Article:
WICHY v. Board of Education of City of New York, Respondent.

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Supreme Court, Appellate Division, Second Department, New York.

Barbie-Jo WICHY, Appellant, v. CITY OF NEW YORK, et al., Defendants, Board of Education of City of New York, Respondent.

Decided: April 21, 2003

GABRIEL M. KRAUSMAN, J.P., GLORIA GOLDSTEIN, SANDRA L. TOWNES and REINALDO E. RIVERA, JJ. Wingate Russotti & Shapiro, New York, N.Y. (Philip P. Russotti and Stavros E. Sitinas of counsel), for appellant. Michael A. Cardozo, Corporation Counsel, New York, N.Y. (Stephen J. McGrath and Cheryl Payer of counsel), for respondent.

In an action to recover damages for personal injuries, the plaintiff appeals from a judgment of the Supreme Court, Kings County (Mason, J.), dated July 9, 2001, which, upon the granting of the motion of the defendant Board of Education of the City of New York pursuant to CPLR 4401 for judgment as a matter of law at the close of the plaintiff's case, dismissed the complaint.

ORDERED that the judgment is reversed, on the law, the motion is denied, the complaint is reinstated, and a new trial is granted, with costs to abide the event.

The plaintiff allegedly was injured on June 15, 1995, when, while in the course of her employment as a teacher, she tripped and fell as she attempted to carry a box through a doorway in a wooden partition in the Canarsie High School gymnasium.   The plaintiff alleged that the respondent, Board of Education of the City of New York, was negligent in failing to maintain the property in a reasonably safe condition in that the riser or sill at the base of the partition doorway was 9 1/2 inches high and created a tripping hazard.

 Notwithstanding that the admission of expert opinion is a matter which rests within the discretion of the trial court, generally, an expert should be permitted to offer an opinion on an issue which involves “ ‘professional or scientific knowledge or skill not within the range of ordinary training or intelligence’ ” (Selkowitz v. County of Nassau, 45 N.Y.2d 97, 102, 408 N.Y.S.2d 10, 379 N.E.2d 1140, quoting Dougherty v. Milliken, 163 N.Y. 527, 533, 57 N.E. 757;  see Dufel v. Green, 84 N.Y.2d 795, 797-798, 622 N.Y.S.2d 900, 647 N.E.2d 105;  see De Long v. County of Erie, 60 N.Y.2d 296, 307, 469 N.Y.S.2d 611, 457 N.E.2d 717).   The Supreme Court abused its discretion in precluding the plaintiff's expert, a civil engineer with a master's degree in transportation engineering, from testifying to “human factors” as they relate to the alleged dangerous condition represented by the allegedly oversized riser at the base of the partition doorway (see Elmlinger v. Board of Educ. of Town of Grand Is., 132 A.D.2d 923, 518 N.Y.S.2d 257).   The expert also was improperly precluded from testifying to New York City Building Code requirements governing riser height in support of his opinion that the height of the riser was dangerous.   Moreover, during the voir dire of the plaintiff's expert, the Supreme Court unfairly and improperly limited the plaintiff from laying the foundation for the proposed expert testimony (see Werner v. Sun Oil Co., 65 N.Y.2d 839, 840, 493 N.Y.S.2d 125, 482 N.E.2d 921).   Accordingly, the judgment must be reversed, the complaint reinstated, and the matter remitted to the Supreme Court, Kings County, for a new trial.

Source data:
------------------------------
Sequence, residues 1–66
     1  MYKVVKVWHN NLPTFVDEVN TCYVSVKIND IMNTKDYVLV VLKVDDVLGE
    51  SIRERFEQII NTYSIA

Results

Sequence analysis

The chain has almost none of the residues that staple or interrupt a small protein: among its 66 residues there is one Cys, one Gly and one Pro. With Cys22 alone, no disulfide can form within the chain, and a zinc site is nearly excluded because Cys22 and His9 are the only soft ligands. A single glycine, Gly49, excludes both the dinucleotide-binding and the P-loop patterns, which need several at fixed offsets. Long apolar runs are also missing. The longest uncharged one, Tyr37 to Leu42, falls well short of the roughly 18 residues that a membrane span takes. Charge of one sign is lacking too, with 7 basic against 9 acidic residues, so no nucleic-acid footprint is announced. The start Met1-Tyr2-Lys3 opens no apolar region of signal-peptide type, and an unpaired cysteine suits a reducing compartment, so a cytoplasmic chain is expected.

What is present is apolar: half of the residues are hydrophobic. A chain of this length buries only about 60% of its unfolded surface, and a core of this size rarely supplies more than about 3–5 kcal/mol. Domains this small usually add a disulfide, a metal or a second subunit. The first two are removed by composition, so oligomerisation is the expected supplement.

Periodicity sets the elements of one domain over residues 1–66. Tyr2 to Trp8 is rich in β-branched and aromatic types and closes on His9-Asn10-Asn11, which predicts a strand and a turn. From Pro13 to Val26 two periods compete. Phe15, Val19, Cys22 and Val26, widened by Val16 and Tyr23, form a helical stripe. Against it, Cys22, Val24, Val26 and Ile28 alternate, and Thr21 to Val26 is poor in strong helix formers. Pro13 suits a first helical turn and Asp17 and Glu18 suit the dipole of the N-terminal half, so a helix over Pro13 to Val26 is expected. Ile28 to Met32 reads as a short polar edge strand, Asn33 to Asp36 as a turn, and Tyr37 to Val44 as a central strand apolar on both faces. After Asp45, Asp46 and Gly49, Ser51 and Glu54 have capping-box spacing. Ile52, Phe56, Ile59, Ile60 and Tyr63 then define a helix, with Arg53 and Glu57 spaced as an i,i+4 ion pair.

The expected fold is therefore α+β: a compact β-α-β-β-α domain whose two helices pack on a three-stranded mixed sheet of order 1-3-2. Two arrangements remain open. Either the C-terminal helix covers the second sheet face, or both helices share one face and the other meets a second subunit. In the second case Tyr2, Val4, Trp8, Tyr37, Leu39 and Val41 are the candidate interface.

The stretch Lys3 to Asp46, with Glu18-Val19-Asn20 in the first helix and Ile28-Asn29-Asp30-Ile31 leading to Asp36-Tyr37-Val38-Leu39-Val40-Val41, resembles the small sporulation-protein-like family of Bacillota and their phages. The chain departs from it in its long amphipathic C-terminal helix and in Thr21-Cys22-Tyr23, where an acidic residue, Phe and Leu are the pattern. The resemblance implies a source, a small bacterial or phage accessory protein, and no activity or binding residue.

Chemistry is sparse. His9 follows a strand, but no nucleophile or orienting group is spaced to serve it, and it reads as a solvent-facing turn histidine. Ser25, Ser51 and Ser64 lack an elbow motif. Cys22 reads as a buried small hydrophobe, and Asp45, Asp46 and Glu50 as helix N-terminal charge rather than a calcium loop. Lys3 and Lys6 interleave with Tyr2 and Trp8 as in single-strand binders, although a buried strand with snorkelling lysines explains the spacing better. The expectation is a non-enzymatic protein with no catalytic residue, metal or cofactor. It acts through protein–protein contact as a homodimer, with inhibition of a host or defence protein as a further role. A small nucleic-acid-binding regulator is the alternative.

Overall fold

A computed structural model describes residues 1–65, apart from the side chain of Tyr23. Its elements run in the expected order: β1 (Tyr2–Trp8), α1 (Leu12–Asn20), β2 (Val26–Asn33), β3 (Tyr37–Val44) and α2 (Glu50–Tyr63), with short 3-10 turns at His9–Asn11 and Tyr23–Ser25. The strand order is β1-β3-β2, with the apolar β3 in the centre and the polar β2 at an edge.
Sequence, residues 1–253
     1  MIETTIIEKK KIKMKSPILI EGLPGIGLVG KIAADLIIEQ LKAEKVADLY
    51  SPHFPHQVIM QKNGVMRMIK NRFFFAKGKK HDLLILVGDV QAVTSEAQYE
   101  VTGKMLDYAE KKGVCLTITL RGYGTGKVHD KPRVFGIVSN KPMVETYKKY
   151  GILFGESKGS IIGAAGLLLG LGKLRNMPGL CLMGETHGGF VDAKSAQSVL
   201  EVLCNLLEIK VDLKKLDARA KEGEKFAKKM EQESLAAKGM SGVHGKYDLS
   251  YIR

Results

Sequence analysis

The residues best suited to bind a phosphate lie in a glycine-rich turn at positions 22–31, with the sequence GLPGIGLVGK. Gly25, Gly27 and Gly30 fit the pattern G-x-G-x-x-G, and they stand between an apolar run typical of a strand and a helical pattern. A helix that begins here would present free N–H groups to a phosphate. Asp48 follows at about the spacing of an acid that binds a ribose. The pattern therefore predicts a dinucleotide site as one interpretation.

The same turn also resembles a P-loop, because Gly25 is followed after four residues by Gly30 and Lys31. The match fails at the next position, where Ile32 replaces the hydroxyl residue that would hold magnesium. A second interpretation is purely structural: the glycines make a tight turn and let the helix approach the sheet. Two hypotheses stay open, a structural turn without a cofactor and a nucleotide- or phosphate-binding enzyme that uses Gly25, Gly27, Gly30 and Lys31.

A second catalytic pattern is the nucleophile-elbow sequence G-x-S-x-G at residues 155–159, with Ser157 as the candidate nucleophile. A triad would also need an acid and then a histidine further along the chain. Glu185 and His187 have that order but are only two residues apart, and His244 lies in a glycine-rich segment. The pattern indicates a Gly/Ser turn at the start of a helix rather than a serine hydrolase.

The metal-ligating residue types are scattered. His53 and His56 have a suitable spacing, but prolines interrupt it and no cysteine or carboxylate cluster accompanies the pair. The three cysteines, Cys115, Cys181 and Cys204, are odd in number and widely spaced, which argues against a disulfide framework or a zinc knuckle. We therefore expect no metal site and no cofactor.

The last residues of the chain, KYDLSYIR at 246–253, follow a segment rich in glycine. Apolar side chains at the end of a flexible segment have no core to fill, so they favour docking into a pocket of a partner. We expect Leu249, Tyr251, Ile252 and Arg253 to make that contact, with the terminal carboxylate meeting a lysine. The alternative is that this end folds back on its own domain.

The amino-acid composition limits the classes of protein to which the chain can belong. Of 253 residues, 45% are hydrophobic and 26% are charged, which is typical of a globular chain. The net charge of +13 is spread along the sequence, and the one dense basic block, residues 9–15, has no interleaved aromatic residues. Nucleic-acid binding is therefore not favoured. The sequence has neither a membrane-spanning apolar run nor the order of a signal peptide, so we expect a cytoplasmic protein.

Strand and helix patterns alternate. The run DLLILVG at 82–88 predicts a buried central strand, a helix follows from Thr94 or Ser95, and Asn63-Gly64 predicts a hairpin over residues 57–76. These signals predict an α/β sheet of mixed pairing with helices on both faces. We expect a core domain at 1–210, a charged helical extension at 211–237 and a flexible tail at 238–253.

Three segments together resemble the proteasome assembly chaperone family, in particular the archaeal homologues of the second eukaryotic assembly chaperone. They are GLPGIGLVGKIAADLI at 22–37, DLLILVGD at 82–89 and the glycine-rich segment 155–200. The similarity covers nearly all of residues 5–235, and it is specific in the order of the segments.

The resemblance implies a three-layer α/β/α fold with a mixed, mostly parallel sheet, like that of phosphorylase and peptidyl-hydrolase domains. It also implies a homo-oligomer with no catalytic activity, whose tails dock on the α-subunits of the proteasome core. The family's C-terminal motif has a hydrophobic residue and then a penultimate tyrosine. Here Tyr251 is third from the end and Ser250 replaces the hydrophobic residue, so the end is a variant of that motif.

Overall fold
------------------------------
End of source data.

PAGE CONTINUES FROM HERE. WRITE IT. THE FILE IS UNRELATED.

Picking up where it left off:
The plaintiff's remaining contentions are without merit.

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